A group of sixth-grade girls at a Christian summer camp sat on the grass in a circle. I was their teacher; our topic was the birth of Moses. “Why do you suppose Pharaoh wanted the midwives to kill the boy babies of the Israelites, but not the girl babies?” I asked.
One girl raised her hand. “The Egyptians thought the boy babies would grow up to be more dangerous to them,” she said. Then, choosing her words with great care, she added, “because people used to think that boys were bigger and stronger than girls.”
I abandoned Moses in the bulrushes and initiated an impromptu experiment, instructing the girls to look around and see if they could spot any man who was smaller than I am.
There were none.
But I’m on the small side even for women, so then I pointed out a man who was walking past. “Do you think he’s average-sized for a man?” They did. “Can you spot any adult woman who’s bigger than he is?” They couldn’t.
There are exceptions, of course, but as a general rule, men are larger and stronger than women.
The sixth-grade girls agreed that in their experience, men were bigger and stronger. “So why,” I asked, “might people say otherwise?”
“Because it’s not fair that boys are bigger,” one girl said.
“Because we want to do everything boys get to do,” another added.
When Size Matters
“Yeah, but sometimes what you want doesn’t matter,” one girl said bluntly. “It’s just the way things are.” She pointed at me. “If my house was on fire, I wouldn’t want her trying to carry me out.”
The others snickered.
“I’d try hard,” I said. “But yeah. I wouldn’t want me in that situation, either.”
My brother is a recently retired firefighter. He’s only in his early fifties, but it’s hard work, and it gets harder the older you get. The equipment is heavy, and it’s all essential—air pack, protective coat and pants, boots, helmet, facemask, gloves, radio, light. While wearing all that, you also need to heave ladders and hoses, and carry axes, pry bars, and saws. You need to be able to manage all that weight as you climb ladders or run up stairs. And you need to be able to carry all that weight while, as my young camper pointed out, also carrying an incapacitated person.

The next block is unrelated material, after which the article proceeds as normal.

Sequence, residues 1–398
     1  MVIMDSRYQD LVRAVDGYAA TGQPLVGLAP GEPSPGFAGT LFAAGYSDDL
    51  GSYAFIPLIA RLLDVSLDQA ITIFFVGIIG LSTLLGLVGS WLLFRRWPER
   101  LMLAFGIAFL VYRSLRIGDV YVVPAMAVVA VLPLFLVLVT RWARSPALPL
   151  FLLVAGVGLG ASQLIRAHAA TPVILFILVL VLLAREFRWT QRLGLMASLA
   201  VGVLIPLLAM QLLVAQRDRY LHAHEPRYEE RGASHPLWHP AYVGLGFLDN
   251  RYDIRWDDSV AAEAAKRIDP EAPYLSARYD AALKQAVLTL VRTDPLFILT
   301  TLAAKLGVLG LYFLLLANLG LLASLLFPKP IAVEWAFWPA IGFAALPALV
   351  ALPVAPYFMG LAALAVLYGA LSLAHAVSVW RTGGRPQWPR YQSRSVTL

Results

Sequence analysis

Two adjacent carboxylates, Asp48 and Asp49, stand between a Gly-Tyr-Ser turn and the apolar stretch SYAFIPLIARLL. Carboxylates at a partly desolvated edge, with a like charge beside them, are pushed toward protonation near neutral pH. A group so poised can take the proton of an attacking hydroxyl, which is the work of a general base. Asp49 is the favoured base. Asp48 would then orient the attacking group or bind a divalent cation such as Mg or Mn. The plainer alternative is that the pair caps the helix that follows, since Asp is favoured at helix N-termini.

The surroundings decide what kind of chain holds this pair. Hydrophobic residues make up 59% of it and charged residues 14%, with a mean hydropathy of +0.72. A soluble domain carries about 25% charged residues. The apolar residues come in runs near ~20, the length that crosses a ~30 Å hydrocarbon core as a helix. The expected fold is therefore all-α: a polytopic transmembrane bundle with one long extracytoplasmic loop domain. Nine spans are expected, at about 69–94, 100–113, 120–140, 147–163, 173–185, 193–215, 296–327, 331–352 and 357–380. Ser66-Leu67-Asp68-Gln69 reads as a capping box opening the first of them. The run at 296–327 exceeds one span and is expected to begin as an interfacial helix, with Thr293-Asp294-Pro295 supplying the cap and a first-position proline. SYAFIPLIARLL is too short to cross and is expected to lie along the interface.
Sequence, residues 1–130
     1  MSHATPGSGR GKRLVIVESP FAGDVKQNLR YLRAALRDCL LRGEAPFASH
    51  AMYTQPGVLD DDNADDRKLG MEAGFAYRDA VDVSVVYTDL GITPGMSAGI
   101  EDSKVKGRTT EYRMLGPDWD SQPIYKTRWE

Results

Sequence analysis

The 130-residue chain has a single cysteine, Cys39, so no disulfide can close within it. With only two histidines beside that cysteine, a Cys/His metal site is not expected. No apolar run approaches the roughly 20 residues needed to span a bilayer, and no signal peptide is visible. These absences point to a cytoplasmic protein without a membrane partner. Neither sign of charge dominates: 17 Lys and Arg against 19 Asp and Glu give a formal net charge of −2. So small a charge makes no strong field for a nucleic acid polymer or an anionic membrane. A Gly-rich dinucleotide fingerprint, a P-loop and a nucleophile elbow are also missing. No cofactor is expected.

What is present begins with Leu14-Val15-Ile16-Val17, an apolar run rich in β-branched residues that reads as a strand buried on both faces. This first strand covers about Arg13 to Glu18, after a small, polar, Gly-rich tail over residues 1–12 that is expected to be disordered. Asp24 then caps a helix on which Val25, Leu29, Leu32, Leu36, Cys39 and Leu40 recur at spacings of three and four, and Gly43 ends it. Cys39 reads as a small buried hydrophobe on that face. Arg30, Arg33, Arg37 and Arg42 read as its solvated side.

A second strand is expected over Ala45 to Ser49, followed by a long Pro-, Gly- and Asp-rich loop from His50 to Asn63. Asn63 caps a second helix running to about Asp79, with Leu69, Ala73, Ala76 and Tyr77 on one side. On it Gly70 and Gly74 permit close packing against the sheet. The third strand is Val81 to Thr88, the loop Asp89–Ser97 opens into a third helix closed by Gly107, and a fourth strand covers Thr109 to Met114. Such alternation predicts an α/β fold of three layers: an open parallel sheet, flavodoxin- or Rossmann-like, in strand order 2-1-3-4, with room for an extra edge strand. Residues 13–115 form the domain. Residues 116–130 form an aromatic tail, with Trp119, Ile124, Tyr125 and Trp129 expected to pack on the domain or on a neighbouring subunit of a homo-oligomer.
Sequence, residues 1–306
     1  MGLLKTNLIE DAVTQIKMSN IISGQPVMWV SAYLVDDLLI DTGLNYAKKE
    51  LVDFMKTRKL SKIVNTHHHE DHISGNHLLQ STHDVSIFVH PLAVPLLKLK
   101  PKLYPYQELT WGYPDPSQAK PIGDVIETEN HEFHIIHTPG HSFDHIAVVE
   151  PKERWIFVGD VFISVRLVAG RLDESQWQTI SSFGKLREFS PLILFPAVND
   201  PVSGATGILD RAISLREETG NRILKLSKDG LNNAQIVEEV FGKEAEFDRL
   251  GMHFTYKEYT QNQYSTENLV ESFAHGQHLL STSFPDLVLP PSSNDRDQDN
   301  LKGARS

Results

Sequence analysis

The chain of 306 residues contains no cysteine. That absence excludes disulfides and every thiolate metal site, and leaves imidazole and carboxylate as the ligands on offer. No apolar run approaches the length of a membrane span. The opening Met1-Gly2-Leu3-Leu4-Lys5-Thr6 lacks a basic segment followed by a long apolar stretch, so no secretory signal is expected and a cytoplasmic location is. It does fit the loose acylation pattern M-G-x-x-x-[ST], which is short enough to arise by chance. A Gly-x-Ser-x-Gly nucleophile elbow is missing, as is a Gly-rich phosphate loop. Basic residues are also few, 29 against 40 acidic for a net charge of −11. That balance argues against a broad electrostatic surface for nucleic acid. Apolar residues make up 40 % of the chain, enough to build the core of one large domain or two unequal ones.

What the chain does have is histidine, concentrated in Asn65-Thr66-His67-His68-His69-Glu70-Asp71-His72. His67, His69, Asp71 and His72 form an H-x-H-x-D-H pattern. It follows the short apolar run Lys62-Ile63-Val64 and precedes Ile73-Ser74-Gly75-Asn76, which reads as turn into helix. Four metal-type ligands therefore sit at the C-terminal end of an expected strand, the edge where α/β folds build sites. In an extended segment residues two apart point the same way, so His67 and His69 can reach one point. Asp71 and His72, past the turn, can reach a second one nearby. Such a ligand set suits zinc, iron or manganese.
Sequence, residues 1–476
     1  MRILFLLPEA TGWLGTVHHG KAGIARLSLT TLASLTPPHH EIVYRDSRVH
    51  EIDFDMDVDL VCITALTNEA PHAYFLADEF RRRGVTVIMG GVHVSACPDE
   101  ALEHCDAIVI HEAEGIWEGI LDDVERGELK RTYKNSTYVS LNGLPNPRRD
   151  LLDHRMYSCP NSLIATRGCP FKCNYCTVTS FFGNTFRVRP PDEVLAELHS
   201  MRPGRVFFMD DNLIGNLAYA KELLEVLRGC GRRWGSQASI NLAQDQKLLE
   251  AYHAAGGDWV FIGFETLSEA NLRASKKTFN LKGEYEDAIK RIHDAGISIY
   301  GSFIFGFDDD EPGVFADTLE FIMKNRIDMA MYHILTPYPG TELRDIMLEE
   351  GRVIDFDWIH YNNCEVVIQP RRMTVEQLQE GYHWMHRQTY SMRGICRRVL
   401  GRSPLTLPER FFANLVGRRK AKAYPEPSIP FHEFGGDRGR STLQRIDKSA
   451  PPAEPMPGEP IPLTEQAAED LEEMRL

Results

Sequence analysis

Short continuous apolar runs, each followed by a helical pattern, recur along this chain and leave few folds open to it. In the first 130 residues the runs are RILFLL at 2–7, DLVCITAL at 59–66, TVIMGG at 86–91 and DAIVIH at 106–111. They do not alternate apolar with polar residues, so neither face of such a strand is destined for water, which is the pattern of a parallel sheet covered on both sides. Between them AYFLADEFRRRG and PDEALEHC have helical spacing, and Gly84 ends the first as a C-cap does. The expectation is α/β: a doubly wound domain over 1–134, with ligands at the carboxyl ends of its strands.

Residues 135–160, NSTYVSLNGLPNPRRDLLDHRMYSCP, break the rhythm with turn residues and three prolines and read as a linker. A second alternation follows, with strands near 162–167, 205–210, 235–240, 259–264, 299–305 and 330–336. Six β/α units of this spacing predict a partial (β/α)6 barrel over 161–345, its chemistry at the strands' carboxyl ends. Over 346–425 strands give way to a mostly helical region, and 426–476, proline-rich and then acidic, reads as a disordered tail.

To do the job you must be strong and fit, and it helps to be naturally big, which is why my naturally slim five-foot-nine brother had to work harder to stay strong and capable than did his six-foot-five colleagues.
The strength requirement is not some arbitrarily applied standard. It’s crucial to the job. And yet, according to Aaron Sibarium at the Free Beacon,
Connecticut Democrats are working to lower the physical fitness requirements for female firefighters, saying that less onerous standards will make fire departments “more diverse.”
A law introduced earlier this month in the Connecticut State Assembly would let women skip the Candidate Physical Ability Test, a timed gauntlet used by fire departments across the country. The test, which only 10 to 15 percent of women pass, requires candidates to complete intense physical tasks while wearing a 50 pound vest. It’s designed to simulate the experience of navigating a fire in heavy gear—and to weed out those unable to do so.
Unlike in the military, where uniforms and equipment vary by gender, all firefighters wear the same gear, which weighs at least 59 pounds—9 more than the vest used for the physical assessment. That’s not including the weight of ladders, hoses, or other firemen, who must sometimes carry incapacitated colleagues on their shoulders. While a few pieces of protective gear now come tailored for women, most of the essential tools do not.
Some essential firefighting tools can’t be made lighter without compromising their effectiveness. Ladders need to be strong; saws need to be sturdy. It is what it is.
Can women be firefighters? Sure. But only if they are physically capable—really and truly capable—of doing the job. Statistically speaking, such women are few and far between. Pretending otherwise in the name of “diversity” or “gender equality” is only going to get people killed.
There is also this: By letting in women who cannot meet a common fitness standard, something is being stolen from the women who did meet the standards, namely the public knowledge that they earned their way onto the team the same way the men did—by passing the test.
- Robin Phillips, “Mixed Companies: Women in Combat, Feminism and Misogyny”
- Terrell Clemmons, “Femi-Nihilism: The Feminist Mistake”
- Nicole M. King, “Disenchanted: What’s Wrong with Women Today? It’s Complicated”
PhD, is an editor for the Discovery Institute and the author of four dystopian novels and many shorter works, both fiction and non-fiction. Before turning to editing, she taught as an adjunct English and humanities professor. She and her husband homeschooled their three children.• Get SALVO blog posts in your inbox! Copyright © 2023 Salvo | www.salvomag.com https://salvomag.com/post/when-buildings-are-burning